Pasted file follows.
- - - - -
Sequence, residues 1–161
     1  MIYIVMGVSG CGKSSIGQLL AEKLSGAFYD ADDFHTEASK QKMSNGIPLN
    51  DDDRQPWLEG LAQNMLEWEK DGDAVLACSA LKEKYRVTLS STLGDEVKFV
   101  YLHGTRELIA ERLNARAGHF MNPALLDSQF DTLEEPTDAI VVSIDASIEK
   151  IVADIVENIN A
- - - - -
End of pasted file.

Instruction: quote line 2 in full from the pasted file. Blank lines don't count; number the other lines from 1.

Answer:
     1  MIYIVMGVSG CGKSSIGQLL AEKLSGAFYD ADDFHTEASK QKMSNGIPLN